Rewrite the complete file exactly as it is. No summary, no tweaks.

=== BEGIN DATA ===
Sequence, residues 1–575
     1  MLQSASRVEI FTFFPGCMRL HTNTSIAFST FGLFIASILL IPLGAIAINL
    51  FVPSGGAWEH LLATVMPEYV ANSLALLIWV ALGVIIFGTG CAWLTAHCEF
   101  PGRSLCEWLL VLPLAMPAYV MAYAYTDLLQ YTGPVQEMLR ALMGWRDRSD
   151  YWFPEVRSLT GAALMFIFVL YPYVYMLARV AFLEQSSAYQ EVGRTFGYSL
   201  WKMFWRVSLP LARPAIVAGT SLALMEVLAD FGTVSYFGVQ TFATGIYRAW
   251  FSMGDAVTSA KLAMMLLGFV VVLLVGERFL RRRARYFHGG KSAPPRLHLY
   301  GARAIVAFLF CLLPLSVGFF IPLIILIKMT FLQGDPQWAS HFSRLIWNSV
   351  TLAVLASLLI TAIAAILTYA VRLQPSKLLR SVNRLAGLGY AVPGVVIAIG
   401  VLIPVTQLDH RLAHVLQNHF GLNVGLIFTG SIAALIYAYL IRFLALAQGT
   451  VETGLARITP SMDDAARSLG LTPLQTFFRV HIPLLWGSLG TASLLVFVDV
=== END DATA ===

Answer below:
Sequence, residues 1–575
     1  MLQSASRVEI FTFFPGCMRL HTNTSIAFST FGLFIASILL IPLGAIAINL
    51  FVPSGGAWEH LLATVMPEYV ANSLALLIWV ALGVIIFGTG CAWLTAHCEF
   101  PGRSLCEWLL VLPLAMPAYV MAYAYTDLLQ YTGPVQEMLR ALMGWRDRSD
   151  YWFPEVRSLT GAALMFIFVL YPYVYMLARV AFLEQSSAYQ EVGRTFGYSL
   201  WKMFWRVSLP LARPAIVAGT SLALMEVLAD FGTVSYFGVQ TFATGIYRAW
   251  FSMGDAVTSA KLAMMLLGFV VVLLVGERFL RRRARYFHGG KSAPPRLHLY
   301  GARAIVAFLF CLLPLSVGFF IPLIILIKMT FLQGDPQWAS HFSRLIWNSV
   351  TLAVLASLLI TAIAAILTYA VRLQPSKLLR SVNRLAGLGY AVPGVVIAIG
   401  VLIPVTQLDH RLAHVLQNHF GLNVGLIFTG SIAALIYAYL IRFLALAQGT
   451  VETGLARITP SMDDAARSLG LTPLQTFFRV HIPLLWGSLG TASLLVFVDV